Of course, the bad things I’ve described above won’t happen to everyone equally. For some, it’ll be a lot worse, and for others, somewhat better. Oh, there will be those rare few who live almost perfect lives; almost free from care, almost ignorant of real loss. But for each of those few, there will be many, many others whose lives are veritable hells on earth, whose every breath will be bought at a terrible price. And consider this: your child just MIGHT be one of those very unlucky ones. Who can tell? Who can predict the future with utter accuracy? Is it worth the risk, ESPECIALLY when every single one of them is headed for the graveyard, anyway? Why take even the smallest chance that your child could be one of those for whom life is a horrible curse?


I leave you with a quote from the film The Princess Bride…”Life is pain! Anyone who says different is trying to sell you something.”


Please, think carefully before having children.



  1. Anonymous
    Posted March 5, 2008 at 10:34 am | Permalink

    “They cost a lot of money- having them, feeding and clothing them, doctor bills, etc.”

    This point is often overlooked, but it’s quite important. If your reason for spending money on your kids (education, health, food, etc.) is that you want to “provide opportunity and nurturing conditions for children,” then you’re furthering that goal in a very inefficient way. It would be far more cost-effective to improve the living conditions and opportunities of children in the Third world (e.g., by donating to organizations that provide health services, literacy, sanitation, etc.). The difference in cost to achieve the same benefit is probably at least an order of magnitude.

    “On the other hand, childless couples can often afford to take vacations, travel, and buy the things they want without constantly worrying about squeezing every last dime.”

    Ideally, this saved income would be donated to charity. For people who share your views on not having children, an ideal charity would seem to be one that cost-effectively promotes family planning in the Third world (e.g., Population Services International). But I agree that if your goal is to convince people on selfish grounds not to have children, the possibility of extra vacation, travel, and purchases are good points to bring up.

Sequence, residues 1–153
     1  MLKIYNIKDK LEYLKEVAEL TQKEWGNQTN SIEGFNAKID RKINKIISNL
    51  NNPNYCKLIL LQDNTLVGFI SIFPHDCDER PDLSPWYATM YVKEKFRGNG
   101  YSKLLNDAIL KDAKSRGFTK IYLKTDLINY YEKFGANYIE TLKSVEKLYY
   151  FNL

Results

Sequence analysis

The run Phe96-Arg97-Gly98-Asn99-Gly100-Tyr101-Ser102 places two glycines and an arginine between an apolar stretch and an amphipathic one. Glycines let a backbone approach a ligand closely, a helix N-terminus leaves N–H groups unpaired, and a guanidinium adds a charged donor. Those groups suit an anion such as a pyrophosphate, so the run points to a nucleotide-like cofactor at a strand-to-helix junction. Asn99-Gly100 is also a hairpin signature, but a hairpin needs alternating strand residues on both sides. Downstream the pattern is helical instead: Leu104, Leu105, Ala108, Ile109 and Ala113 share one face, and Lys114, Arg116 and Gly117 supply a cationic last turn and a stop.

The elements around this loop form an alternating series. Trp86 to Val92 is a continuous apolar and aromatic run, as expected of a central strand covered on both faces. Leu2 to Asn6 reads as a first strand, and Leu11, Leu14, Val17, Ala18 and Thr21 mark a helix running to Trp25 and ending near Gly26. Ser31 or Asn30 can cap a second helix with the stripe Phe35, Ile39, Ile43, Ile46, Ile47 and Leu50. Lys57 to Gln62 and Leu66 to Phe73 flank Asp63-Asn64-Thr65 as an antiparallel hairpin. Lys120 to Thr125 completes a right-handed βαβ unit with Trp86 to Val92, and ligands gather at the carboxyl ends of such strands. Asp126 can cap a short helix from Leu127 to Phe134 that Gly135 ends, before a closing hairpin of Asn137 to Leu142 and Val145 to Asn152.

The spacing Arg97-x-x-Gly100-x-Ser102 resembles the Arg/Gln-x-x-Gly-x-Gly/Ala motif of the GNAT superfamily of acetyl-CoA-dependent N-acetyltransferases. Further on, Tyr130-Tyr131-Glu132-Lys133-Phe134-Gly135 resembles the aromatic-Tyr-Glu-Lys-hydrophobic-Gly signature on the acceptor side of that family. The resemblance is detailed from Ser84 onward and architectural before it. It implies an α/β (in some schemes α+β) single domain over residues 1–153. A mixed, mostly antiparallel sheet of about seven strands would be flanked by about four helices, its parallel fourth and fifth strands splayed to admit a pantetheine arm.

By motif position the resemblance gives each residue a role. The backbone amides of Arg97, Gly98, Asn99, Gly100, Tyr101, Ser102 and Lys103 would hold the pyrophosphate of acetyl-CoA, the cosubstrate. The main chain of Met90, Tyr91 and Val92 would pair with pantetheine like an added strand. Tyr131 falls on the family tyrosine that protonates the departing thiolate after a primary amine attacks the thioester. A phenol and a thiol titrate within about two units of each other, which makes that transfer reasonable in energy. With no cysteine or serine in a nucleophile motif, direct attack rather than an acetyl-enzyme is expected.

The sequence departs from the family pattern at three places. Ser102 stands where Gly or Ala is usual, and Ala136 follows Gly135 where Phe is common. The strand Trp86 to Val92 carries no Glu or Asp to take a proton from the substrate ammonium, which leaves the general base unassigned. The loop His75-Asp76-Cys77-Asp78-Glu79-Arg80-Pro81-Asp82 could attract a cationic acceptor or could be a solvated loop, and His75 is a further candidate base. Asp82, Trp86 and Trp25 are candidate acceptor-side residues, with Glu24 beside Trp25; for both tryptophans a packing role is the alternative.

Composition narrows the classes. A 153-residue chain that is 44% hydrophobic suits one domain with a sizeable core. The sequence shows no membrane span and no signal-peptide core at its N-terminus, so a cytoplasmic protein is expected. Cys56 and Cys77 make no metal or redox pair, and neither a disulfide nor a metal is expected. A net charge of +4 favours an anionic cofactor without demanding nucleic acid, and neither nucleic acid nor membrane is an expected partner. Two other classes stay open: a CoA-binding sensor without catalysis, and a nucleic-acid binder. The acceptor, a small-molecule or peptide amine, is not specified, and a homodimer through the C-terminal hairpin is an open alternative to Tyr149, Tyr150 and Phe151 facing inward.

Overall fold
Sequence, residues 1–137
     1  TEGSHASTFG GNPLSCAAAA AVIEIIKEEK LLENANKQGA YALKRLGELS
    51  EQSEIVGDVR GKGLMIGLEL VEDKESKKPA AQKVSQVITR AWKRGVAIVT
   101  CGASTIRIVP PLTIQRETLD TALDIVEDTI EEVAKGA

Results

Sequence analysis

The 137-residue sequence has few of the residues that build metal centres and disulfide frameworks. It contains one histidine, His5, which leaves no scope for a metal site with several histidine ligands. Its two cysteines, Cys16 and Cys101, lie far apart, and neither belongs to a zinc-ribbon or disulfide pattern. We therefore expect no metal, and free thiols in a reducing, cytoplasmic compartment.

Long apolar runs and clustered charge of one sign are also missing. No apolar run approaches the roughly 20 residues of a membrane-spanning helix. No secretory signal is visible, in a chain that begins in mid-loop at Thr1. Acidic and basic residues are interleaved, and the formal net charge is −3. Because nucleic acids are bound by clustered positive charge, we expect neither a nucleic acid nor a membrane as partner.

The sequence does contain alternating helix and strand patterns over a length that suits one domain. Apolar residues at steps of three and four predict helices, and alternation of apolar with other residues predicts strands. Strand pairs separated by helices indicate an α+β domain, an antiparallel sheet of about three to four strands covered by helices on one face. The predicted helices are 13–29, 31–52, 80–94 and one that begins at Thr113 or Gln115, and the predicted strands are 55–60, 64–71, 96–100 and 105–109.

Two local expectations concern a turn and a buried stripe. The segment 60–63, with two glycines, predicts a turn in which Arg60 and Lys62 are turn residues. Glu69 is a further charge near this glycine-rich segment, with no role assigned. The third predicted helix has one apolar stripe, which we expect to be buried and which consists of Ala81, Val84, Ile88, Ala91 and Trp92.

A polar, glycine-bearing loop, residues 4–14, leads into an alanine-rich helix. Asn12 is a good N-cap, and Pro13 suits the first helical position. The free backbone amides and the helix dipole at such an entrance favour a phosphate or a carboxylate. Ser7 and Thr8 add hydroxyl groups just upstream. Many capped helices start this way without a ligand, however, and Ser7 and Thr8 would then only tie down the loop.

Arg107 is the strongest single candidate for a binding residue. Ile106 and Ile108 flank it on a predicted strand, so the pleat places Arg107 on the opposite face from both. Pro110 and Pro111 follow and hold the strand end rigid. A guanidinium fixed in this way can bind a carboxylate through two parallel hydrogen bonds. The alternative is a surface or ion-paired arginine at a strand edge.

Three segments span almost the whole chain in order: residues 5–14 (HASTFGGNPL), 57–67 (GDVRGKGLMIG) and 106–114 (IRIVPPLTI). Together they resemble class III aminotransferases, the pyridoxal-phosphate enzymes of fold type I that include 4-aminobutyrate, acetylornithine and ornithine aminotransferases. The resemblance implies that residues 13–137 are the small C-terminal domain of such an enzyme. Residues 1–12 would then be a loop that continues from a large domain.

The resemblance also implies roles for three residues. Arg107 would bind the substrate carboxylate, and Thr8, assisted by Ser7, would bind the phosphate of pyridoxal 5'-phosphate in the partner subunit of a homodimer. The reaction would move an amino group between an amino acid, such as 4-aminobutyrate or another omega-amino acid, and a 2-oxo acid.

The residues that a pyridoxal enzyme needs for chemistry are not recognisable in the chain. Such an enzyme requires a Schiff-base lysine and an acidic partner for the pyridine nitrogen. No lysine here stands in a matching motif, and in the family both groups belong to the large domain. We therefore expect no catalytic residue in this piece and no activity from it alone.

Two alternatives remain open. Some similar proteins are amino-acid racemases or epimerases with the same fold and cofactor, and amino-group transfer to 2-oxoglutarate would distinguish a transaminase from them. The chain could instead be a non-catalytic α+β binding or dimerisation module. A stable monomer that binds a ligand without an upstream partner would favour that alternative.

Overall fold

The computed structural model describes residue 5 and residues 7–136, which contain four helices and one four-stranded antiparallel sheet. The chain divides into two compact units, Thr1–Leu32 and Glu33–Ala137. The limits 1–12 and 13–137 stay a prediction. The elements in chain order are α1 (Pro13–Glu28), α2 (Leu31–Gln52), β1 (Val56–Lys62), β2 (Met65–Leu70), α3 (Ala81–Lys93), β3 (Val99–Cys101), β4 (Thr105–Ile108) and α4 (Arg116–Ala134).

2. Posted March 9, 2008 at 10:40 am | Permalink

    This post has generated some discussion at:


  3. isaywhattheywont
    Posted March 14, 2008 at 8:02 pm | Permalink

    Thanks for both your comments…sorry for the tardy response. They weren’t coming through my mail; I must have had the settings wrong. Better luck next time!

  4. joe
    Posted March 14, 2009 at 2:24 pm | Permalink

    Having kids is a horrible idea if you’re not thoroughly prepared for it. Your life as you know it stops immediately and you must take on this new life whether you like it or not. Sometimes birth control methods fail, men aren’t careful, women aren’t careful, some women have even poked holes in condoms or purposely missed birth control doses. Some people treat life as a game, having children to make themselves feel better, or to fill some kind of void. In the process they create an environment which breeds depression, guilt, anger and resentment. People should be sterilized at birth, when they are adults, they should have to go through a series of tests to decide whether or not they are prepared to bring a human life into the world. I mean mentally, physically, and financially prepared. We have to go through application processes and/or back ground checks to get apartments, jobs, buy houses, get a drivers license, a gun permit, buy a car, take out a loan, get into college, get a cell phone… the list goes on. But ANYONE can have a child. Most often, they shouldn’t.

  5. Lu Patterson-Sisco
    Posted October 15, 2012 at 12:46 pm | Permalink

    I agree that people should think twice before having children, particularly single mothers. Those people who constantly talk about how great it is to have kids are usually only trying to convince themselves they are truly happy being parents or as stated above, misery loves company!